The top row, a)–c), shows the degree distribution for each network (black) compared to the original empirical network (gray) of Portland, Oregon –. The second row, d)–f), clearly shows that prevalence peaks between the beginning of January and the end of February. The third row, g)–i), shows the prevalence over many years under no vaccination and the fourth row, j)–l), shows the average vaccine coverage over the years under passive vaccination. The average time for peak of prevalence: Empirically-based , Exponential and Poisson . The approximate average duration of the season: Empirically-based days, Exponential days and Poisson days.
A semi-log plot of the probability of number of incentives received and used by superspreaders (solid line) and non-superspreaders (dashed line) for the four different vaccine strategies a) random vaccination b) nearest neighbor vaccination c) chain vaccination and d) improved nearest neighbor vaccination.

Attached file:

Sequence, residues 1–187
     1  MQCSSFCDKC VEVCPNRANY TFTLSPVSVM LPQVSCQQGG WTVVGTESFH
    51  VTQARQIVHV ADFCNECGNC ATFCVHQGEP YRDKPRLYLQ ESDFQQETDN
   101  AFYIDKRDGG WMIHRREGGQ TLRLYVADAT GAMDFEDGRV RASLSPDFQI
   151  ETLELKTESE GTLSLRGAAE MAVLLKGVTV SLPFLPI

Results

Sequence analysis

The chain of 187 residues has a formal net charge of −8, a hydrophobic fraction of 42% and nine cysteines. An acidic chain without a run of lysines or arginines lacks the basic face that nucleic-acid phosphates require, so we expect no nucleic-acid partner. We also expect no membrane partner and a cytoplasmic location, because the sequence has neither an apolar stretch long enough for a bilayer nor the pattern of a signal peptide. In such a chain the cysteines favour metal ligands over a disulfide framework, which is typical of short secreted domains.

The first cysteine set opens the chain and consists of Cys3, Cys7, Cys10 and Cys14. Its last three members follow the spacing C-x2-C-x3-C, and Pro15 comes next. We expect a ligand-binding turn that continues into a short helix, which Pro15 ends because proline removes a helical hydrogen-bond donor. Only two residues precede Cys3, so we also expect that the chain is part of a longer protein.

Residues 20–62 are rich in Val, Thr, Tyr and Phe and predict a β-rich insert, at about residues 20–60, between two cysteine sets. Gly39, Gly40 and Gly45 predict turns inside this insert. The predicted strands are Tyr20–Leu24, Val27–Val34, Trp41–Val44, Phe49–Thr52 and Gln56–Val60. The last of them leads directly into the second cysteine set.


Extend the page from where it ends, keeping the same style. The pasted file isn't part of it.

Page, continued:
The values and descriptions of the parameters used in the simulations for the Poisson and exponential networks. The values were calibrated for each network using the passive vaccination approach. The values , and were calibrated such that the average annual vaccine coverage on each network was approximately using appropriate values; the monthly vaccine uptake was based on the 2010–2011 influenza season . was used in calibrating influenza incidence () using values similar to influenza's – on each network such that the average peak of prevalence occurred between January and February .
Percentage of recruitments where recruitment did not matter, whether due to infection, already vaccinated or will be vaccinating in the future (Useless) and the percentage of incentives actually used ( Used). NB indicates the scenario where vaccination behavior is entirely ignored, indicates where incentives were used and for incentives. The vaccination programs are the passive (PV), along with the pro-active programs: random vaccination (RV), nearest neighbor (NN), chain (CV) and improved nearest neighbor (INN).